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Villagers cry foul over Polihali consultations

by Sunday Express
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polihali2Billy Ntaote

Villagers expected to be affected by the construction of Polihali Dam in Mokhotlong have expressed concern at the lack of information regarding those to be relocated to different parts of the mountainous district.

Speaking on the sidelines of the official launch of Phase Two of the Lesotho Highlands Water Project (LHWP) in Tlokoeng on Thursday, the villagers said the relevant authorities have not been clear on which particular households are to be relocated, leaving “everyone” in suspense and unable to make long-term plans.

Polihali Dam, whose construction is set to begin in 2017, is part of the LHWP Phase II, whose other components include the construction of feeder-roads and implementation of environmental and social mitigating measures, as well as the establishment of a hydroelectric-generation plant in Kobong in Leribe district.

The multi-phase project was established through a treaty signed by Lesotho and South Africa in 1986, with Phase I, which included the construction of Katse and Mohale dams, being completed in 2004. The project would see South Africa being supplied with water and hydropower, while Lesotho benefits from infrastructure such as roads, which is being necessitated by the project, as well as royalties and electricity.

The Lesotho Highlands Development Authority (LHDA) is the implementing agency of the project, and the villagers say they would have been happier had they been told about who exactly is going to be displaced by the project and where they would be relocated to, as well as the exact compensation to be paid to those to be affected.

The villagers said being told “early” about the displacement would help them adequately prepare and become accustomed to the idea of being moved to a new area.

However, King Letsie III, on Thursday allayed the villagers’ fears in his keynote address to launch the initiative.
His Majesty told the crowd, which included Prime Minister Thomas Thabane and South African President Jacob Zuma, that he had been informed that consultations with communities on how the compensation policy would be drafted, had already taken place.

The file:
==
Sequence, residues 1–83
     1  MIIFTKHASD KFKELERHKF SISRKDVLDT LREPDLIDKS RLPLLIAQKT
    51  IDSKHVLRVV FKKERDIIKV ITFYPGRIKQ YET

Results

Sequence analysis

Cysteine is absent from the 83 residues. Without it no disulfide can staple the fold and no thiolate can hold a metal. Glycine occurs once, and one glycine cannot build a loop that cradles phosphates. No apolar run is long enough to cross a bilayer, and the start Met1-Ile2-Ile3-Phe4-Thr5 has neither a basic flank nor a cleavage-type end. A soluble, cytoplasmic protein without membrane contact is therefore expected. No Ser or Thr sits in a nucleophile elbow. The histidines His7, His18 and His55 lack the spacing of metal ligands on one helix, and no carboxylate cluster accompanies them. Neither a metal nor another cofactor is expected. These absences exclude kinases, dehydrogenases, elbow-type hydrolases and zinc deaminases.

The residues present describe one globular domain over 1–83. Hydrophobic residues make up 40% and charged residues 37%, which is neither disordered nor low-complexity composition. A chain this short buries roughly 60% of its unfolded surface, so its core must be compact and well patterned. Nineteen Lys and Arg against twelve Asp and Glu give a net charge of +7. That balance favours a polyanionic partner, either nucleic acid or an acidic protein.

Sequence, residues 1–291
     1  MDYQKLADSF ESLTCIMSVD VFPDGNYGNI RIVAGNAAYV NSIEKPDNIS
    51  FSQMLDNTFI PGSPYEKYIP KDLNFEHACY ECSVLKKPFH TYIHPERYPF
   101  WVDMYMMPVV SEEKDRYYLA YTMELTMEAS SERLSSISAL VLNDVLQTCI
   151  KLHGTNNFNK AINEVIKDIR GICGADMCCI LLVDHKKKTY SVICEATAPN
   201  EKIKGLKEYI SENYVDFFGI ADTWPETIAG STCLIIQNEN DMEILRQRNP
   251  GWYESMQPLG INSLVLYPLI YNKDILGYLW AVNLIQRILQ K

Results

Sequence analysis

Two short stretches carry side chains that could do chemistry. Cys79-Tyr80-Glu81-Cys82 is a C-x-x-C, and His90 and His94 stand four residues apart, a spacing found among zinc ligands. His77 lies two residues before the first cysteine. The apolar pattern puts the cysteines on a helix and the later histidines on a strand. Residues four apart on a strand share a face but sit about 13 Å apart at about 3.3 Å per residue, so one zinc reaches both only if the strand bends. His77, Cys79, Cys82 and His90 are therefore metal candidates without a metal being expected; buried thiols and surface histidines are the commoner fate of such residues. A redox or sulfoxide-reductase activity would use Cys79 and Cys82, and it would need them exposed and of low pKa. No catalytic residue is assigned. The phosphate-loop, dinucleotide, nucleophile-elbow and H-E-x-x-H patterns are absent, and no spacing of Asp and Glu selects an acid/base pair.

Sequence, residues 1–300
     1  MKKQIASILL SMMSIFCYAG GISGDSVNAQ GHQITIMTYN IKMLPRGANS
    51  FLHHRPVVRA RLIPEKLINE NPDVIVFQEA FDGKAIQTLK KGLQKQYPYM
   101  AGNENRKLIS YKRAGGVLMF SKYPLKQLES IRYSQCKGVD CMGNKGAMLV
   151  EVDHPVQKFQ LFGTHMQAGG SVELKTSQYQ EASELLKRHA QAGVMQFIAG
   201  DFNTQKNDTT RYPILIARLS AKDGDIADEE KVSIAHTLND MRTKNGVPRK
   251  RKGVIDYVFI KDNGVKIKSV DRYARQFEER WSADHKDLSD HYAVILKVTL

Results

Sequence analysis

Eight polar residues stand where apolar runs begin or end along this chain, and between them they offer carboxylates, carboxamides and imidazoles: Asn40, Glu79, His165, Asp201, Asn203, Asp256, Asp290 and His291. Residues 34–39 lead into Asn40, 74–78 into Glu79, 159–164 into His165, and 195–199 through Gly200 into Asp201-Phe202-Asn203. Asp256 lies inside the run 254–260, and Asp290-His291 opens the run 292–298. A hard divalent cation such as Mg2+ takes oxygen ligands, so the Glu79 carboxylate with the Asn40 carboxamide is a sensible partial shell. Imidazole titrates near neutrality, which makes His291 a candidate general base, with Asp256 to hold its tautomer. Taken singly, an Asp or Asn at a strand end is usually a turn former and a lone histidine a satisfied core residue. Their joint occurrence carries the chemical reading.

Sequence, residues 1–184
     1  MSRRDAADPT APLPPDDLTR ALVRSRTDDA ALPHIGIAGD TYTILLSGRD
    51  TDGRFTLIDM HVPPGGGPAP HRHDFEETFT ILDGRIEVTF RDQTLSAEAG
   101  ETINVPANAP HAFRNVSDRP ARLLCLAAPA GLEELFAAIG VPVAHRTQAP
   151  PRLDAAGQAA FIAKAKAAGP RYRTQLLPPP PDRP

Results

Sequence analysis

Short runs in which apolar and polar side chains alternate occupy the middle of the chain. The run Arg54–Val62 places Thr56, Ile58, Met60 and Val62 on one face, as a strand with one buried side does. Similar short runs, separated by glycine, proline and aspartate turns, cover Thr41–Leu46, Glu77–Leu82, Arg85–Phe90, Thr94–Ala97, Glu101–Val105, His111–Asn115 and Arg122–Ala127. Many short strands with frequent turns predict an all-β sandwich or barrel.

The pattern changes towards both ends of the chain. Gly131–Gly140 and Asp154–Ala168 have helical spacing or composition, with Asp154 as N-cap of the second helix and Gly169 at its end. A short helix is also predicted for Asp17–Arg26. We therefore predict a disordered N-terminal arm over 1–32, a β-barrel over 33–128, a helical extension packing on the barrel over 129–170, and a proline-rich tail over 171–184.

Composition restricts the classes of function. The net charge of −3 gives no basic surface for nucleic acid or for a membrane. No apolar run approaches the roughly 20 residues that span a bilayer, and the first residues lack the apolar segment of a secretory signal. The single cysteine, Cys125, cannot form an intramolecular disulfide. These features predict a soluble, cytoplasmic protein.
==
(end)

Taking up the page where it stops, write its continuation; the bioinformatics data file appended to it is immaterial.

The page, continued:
The King further said he had also been informed the consultations had been open and all stakeholders cooperative during the entire process.
“I’ve been told that the inputs of the people will be included in the compensation policy that is being drafted and when it is completed, the people will be given a chance to confirm whether their views were included,” King Letsie III said.

Molootsi Foloko from Tlokoeng village, who is also a councillor in the Mphokojoane Community Council, confirmed villagers to be affected by the project are being engaged by the LHDA.

However, Foloko said what was disturbing was the people who are to be directly affected by the project are not being informed that they are going to be relocated.
“We have been told by the officers that it is not yet time to inform those who are to be relocated because they don’t want people to make rushed decisions,” Foloko said.
“But we believe the people have the right to know now so they can prepare themselves mentally about the relocation.”

Another villager, ‘Mathato Sethinyane from Ha Ntsesanyane Mapholaneng said the decision not to reveal who would be affected by the project had become a concern about residents.
“We are not being told directly that we are going to be relocated. All we are being told is that we will be affected.
“We are not happy that no-one is giving us a straightforward answer about the whole relocation,” Sethinyane said.

However, LHDA chief executive officer, Refiloe Tlali last week told the Sunday Express’ sister paper, the Lesotho Times, that extensive community consultations had already been conducted regarding the project.
“Most of the community consultations were centred on disseminating information to the communities that are going to be affected by the construction of Polihali Dam. We wanted the communities to understand what this project is all about, how it’s going to be implemented and what the expected benefits of the project are, among other concerns.
“We were also keen to make clear, issues around the envisaged compensation and resettlement processes while making this initiative a platform that brought various stakeholders and the sharing of ideas about the project,” Tlali said.
Tlali also said about 17 villages are to be affected by the dam project.
“Eleven villages would be relocated and an estimated 534 households (2 547 people) will be affected by the project’s implementation,” she said.

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